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On this day in history, Nov. 21, 1864, Abraham Lincoln ‘pens’ letter to Mrs. Bixby

The Bixby Letter, while controversial, is still cherished as one of the best-written letters in American history. (News Agency) President Lincoln supposedly sent his sincerest condolences to a grieving mother in the historic Bixby Letter on this day in history, Nov. 21, 1864. In the fall of 1864, Gov. John A. Andrew of Massachusetts sent a request to then-President Lincoln asking him to send his regards to Mrs. Lydia Bixby. Bixby of Boston was believed to have lost her five sons during the Civil War, according to Abraham Lincoln Online. Lincoln accepted the request. And as the story goes, he penned a letter to the grieving mother.The letter was printed and distributed by the Boston Evening Transcript. It was soon cherished as “one of the best letters written in the history of the English language,” according to a Time report. Among the praises it received: American poet and biographer Carl Sandburg called it “a piece of the American Bible” that “more darkly than the Gettysburg speech … wove its awful implication that human freedom so often was paid for with agony.” But the letter is not without controversy. The original copy was allegedly destroyed by either the newspaper’s editor or by Mrs. Bixby herself, who — as a sympathizer of the Confederacy — may have disliked Lincoln. Bixby’s great-grandchildren recalled this as Bixby’s political stance, according to the New England Historical Society.”I was advised by my father that my great-grandmother was an ardent southern sympathizer,” Bixby’s great-grandson said, according to the society. “And when she received the letter, she destroyed it in anger … shortly after receipt without realizing its value.”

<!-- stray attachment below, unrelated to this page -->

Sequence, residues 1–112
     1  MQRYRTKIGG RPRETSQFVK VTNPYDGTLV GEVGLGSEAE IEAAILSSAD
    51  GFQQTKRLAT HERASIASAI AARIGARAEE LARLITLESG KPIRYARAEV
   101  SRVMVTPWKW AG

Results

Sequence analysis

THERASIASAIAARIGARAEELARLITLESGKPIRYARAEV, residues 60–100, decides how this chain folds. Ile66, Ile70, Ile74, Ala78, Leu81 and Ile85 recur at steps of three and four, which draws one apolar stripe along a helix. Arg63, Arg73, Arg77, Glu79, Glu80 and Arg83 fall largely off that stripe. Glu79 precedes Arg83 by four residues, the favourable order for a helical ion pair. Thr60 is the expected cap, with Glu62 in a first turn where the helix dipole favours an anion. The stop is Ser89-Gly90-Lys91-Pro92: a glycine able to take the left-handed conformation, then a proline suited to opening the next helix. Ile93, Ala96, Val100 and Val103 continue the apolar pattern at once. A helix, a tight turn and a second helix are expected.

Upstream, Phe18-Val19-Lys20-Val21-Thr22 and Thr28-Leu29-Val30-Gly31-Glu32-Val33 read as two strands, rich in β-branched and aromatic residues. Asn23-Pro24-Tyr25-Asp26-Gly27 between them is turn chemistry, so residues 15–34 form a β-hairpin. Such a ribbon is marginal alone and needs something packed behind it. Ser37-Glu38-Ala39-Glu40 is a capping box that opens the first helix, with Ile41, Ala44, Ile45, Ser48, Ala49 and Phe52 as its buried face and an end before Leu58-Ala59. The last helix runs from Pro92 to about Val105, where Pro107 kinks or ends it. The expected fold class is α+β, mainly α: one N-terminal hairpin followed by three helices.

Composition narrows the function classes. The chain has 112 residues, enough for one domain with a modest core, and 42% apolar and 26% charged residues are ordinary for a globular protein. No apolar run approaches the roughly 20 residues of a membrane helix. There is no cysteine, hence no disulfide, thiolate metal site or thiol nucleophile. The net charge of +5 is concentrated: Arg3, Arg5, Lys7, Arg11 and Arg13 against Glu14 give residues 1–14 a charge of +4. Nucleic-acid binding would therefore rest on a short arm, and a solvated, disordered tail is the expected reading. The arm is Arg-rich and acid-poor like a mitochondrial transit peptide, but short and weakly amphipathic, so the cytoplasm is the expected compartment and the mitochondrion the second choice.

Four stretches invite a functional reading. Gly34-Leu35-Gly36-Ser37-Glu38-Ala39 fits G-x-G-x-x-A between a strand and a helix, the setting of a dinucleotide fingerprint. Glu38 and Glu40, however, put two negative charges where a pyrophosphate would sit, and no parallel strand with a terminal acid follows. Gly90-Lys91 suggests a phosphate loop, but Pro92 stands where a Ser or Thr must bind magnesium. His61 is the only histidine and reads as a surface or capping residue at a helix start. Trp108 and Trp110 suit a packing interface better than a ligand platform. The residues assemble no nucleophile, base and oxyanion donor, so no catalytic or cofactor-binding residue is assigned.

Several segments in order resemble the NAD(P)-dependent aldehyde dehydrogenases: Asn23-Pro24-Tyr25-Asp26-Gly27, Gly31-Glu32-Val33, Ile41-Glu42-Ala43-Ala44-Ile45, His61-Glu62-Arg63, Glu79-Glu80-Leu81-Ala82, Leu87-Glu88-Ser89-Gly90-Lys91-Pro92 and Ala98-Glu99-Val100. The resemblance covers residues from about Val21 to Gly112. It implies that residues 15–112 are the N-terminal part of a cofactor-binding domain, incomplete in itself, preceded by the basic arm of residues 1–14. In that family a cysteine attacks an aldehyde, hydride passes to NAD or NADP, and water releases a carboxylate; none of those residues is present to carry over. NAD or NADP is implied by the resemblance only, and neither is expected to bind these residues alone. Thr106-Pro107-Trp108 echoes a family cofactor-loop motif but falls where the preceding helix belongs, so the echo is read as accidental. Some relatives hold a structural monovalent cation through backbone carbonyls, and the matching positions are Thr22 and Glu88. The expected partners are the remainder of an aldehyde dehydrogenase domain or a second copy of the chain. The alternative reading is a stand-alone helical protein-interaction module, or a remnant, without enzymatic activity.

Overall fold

It was later revealed that Bixby lost not five but two of her sons, Charles and Oliver, in battle, according to the New England Historical Society.Of the three others, the third son, Edward, reportedly deserted the Army; the fourth son, George, either deserted the Army or died as a prisoner of war; and the fifth son, Henry, was honorably discharged.
Many scholars believe that one of Lincoln’s White House secretaries, John Hay, was the one who put pen to paper.The letter’s popularity, however, was revived by the 1998 Steven Spielberg film “Saving Private Ryan,” which the letter reportedly inspired. Actor Harve Presnell, who played Gen. Marshall in the film, recites the letter in an emotional cinematic moment.The letter has continued to be used to honor those who have sacrificed their lives for America. A passage from the letter — “the solemn pride that must be yours to have laid so costly a sacrifice upon the altar of freedom” — is etched into stone at the base of the National Memorial Cemetery of the Pacific in Hawaii.On the 10th anniversary of the September 11 terrorist attacks, former President George W. Bush read the Bixby Letter during a memorial service at Ground Zero. In 2017, a team of forensic linguistics researchers used a tracing method that revealed 90% of the letter was identified as Hay’s writing, according to Time.